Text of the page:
The notation used in the book is modern and consistent, and the code samples clearly written. I believe this is the first volume to combine complete mathematical explanations of essential 3D computer graphics operations with practical advice on how to implement the sometimes complex math efficiently in real-time systems.
The chapters on picking and collision detection are also complete and include practical advice on implementation in addition to the theory behind it.
This is not a book for most high school math students - the author assumes you've at least been through some higher level math and can talk the basic language of mathematics. However, it does not presuppose that you are familiar with anything but basic calculus, and more importantly, it doesn't assume that you're familiar with some quirky notational system specific to the author. I haven't been in a math class for ten years, but I had no trouble understanding any concepts introduced in this book upon the first read.
I don't forsee this volume leaving my desk anytime soon!
Any beginner to computer graphics and game development is often overwhelmed by the mathematics that runs the show.
Until now, anyone new to the field has been forced to run self-taught refresher courses on Linear Algebra and Calculus while trying to learn an already-difficult subject. Small wonder that many developers quit out of frustration.
Most computer graphics books provide small backgrounders on the mathematics needed to get by, but almost none of them provides a thorough education and solid explanation on what's really going on. The worst in the group (such as "3D Game Engine Design") provide no assistance whatsoever, and leave the reader floundering by the end of the preface.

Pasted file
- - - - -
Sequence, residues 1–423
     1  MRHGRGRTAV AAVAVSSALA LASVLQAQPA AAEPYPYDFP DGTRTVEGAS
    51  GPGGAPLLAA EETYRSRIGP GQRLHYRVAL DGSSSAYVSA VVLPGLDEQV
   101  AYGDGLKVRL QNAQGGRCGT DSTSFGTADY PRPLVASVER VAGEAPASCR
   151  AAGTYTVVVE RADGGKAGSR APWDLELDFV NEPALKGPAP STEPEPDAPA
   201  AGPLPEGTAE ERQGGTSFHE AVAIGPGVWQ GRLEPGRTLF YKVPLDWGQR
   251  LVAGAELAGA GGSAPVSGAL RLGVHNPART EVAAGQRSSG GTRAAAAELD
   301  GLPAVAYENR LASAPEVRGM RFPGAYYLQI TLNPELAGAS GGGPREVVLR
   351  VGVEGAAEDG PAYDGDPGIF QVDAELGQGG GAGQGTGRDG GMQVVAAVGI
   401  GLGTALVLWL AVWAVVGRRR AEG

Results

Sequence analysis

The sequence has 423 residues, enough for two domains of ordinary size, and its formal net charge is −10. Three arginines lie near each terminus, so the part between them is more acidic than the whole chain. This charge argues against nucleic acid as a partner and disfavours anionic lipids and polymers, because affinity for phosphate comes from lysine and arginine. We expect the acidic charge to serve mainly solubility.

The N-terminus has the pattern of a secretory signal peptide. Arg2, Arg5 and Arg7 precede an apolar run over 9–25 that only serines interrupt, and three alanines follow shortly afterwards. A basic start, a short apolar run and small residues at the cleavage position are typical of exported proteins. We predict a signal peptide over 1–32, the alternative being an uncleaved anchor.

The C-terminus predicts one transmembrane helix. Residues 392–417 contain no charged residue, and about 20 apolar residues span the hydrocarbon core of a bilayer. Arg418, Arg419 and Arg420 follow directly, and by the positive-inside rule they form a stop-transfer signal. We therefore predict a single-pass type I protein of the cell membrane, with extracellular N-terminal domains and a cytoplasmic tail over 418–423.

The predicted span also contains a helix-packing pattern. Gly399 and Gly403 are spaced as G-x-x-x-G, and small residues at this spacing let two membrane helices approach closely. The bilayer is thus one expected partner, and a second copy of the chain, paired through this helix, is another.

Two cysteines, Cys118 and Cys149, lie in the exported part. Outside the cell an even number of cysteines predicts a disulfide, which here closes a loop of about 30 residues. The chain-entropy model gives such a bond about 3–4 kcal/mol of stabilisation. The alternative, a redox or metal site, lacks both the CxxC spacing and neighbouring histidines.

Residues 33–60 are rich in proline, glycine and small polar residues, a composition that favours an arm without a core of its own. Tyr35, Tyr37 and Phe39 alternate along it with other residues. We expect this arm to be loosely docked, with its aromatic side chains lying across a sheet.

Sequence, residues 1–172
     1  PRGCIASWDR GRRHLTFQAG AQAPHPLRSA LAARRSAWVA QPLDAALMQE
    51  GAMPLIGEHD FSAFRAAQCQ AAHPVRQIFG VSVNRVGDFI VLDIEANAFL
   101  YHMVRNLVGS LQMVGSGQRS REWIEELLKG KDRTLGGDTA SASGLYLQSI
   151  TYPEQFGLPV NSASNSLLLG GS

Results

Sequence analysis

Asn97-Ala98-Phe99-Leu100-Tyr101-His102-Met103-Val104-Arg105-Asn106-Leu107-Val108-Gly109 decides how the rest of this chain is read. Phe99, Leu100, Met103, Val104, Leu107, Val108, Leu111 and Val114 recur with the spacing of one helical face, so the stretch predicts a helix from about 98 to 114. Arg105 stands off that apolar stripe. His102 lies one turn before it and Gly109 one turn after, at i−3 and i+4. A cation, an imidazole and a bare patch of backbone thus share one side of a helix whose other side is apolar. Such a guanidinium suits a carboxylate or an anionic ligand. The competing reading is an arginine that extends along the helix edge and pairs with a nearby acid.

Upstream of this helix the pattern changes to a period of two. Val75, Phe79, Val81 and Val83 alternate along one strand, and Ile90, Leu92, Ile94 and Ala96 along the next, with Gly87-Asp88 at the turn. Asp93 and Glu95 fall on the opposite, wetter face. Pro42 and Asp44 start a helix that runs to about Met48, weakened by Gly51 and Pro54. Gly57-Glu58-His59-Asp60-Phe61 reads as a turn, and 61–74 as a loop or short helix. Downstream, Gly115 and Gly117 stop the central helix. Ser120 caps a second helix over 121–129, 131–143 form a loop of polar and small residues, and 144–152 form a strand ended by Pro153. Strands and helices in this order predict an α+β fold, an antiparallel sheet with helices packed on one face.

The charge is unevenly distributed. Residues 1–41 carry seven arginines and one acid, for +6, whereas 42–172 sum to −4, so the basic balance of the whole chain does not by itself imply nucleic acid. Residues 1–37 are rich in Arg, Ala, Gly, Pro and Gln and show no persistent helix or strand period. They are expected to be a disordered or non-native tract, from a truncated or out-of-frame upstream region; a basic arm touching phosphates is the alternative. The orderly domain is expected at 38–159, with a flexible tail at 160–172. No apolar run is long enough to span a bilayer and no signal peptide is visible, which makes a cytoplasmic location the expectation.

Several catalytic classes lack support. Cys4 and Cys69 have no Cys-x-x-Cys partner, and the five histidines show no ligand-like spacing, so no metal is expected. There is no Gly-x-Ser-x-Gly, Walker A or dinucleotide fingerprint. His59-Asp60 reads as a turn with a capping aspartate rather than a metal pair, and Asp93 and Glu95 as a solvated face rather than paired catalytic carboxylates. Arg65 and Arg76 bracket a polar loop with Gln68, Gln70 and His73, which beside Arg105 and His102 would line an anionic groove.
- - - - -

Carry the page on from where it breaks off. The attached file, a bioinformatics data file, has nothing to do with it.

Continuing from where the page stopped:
Mr. Lengyel's book provides solid mathematical theory on most of the major subjects in computer graphics/game development, and can be looked at as a companion volume to almost any computer graphics text.
3D transformations, lighting calculations, collision/intersection detection-- those are a few of the subjects discussed in the book, in such a way that the intermediate reader can follow along and learn the theory without having to cry for mother.
Please note that you need at least *some* mathematics background to make use of this book; if you're unfamiliar with basic calculus terms for instance, you'll probably want to take a pass, as this book isn't a complete hand-holder. You can only accomplish so much in 400 pages, after all.
For everyone else who took their college math classes (and subsequently forgot most of the material), this book is a great refresher and will get you ready for fully exploring computer graphics.
My only regret is that there's no second volume to discuss curved surfaces and slightly more advanced topics-- no one can have it all I suppose.
I have been able to use what I have taught myself to do my work with a better understanding (I recently joined a CAD company after years in non-graphics work) and this book has been helpful. I will finish this book as it is way better than its comptetion for covering the maths needed for modern computer graphics.
I have but one regret regarding this book, that I didn't have it 5 years ago when I started playing with OpenGL using the Red Book. I have wasted much time and money trying to find the information in this book to grasp the real tools beyond mere APIs.